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Posts tagged ‘memories’

Postcards from Eddie.

Sometimes the only concrete proof that diabetes hasn’t been with me forever are the cards my classmates sent.  Made from Manila paper, the kind found in abundance in elementary school, the kids in my class used their Dixon Ticonderoga No. 2 pencils and a fistful of crayons to let me know they were thinking about me.

“Dear Kerri, I heard you were sick.  We cleaned out our desks yesterday.  You left your lunch here.  The pear was all rotten.  Hope you feel better soon.  – Mike.”  This card was illustrated in pencil, showing a skeleton picking up a spoiled bag lunch from the garbage can.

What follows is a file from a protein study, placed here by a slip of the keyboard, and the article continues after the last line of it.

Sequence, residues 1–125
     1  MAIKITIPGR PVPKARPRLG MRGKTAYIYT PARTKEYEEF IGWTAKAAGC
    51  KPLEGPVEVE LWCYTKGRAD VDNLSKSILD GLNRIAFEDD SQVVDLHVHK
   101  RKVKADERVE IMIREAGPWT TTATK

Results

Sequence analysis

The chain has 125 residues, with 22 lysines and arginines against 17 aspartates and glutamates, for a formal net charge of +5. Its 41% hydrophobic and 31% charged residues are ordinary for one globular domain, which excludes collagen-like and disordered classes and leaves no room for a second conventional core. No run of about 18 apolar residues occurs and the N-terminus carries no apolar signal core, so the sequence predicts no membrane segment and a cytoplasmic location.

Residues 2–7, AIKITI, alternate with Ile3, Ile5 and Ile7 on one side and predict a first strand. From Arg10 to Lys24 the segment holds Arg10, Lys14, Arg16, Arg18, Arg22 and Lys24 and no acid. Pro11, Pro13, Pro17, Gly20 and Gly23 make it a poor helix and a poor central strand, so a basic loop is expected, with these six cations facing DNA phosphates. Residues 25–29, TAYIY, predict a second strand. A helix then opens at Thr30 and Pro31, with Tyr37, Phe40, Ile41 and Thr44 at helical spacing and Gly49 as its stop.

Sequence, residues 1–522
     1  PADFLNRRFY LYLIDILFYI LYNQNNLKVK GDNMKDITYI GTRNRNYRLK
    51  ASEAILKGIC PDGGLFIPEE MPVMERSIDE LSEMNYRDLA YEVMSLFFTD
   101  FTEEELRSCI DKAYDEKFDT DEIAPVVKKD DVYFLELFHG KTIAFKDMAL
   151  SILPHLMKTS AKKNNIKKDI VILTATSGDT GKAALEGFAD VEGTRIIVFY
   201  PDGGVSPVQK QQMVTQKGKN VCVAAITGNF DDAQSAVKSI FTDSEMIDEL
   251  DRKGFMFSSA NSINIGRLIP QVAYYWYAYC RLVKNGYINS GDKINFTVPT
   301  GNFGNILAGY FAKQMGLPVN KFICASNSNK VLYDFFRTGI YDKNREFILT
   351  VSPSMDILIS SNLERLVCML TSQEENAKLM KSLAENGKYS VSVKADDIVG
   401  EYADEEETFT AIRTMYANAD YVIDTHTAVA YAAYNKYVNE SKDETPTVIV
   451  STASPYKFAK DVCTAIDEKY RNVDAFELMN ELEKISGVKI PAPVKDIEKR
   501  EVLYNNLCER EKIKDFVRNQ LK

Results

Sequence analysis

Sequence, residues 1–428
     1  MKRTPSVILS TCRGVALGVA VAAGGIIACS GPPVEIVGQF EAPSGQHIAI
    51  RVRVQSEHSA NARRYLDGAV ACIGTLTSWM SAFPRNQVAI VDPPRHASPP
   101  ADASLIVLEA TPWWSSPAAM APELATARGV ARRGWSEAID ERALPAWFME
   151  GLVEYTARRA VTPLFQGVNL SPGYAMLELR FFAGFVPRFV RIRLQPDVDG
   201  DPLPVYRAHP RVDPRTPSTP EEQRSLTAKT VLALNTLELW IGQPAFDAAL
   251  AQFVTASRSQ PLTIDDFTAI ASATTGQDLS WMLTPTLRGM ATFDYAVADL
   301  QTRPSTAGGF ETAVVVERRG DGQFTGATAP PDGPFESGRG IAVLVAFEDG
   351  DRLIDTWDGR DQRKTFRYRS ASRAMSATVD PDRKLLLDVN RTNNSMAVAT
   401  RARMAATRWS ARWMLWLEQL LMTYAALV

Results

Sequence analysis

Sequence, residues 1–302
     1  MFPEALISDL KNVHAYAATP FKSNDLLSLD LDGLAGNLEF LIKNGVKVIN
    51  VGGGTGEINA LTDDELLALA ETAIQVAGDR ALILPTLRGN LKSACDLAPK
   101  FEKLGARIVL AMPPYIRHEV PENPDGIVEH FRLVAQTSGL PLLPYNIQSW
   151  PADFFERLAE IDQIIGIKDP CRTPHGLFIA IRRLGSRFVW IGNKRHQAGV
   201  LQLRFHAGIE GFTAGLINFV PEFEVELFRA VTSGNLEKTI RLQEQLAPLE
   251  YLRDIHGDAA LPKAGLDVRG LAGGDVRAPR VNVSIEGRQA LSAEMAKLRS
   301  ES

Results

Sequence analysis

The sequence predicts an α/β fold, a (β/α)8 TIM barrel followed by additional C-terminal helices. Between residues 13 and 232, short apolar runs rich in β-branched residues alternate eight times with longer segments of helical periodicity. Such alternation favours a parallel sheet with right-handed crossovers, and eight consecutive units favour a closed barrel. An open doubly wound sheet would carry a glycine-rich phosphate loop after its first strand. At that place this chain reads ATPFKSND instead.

“Dear Kerri, Get well soon!  Love, Megan.”  A rainbow of three colors, – pink, blue, and purple – sprawled across the sky, represented by one line.  A tree with two apples hanging enormously from its branches stood exactly the same height as the building labeled “Hospitoll”.

These cards are safely packed away, somewhere at my dad’s house, with the pee alarm and the old blue comfort pillow that I used to clutch while I sucked my thumb.  My mother always claimed that she’d give me these things before my wedding day, a promise she followed through on when my husband and I married in 2008.

Even if I never see them again, I remember the cards.  I remember snippets of those years like they were postcards from someone else’s life.

A picture of the carousel near my childhood home brings back memories of black raspberry ice creams, riding my bike into the village with that Jack of Hearts card stuck in the rear tire, and collecting the perfect, miniature shells that washed up on the shoreline after the hurricanes made their tour.  No memories of a finger stick or an injection.  But I do remember that, if I rode my bike all the way to the beach, I could have ice cream without taking a shot.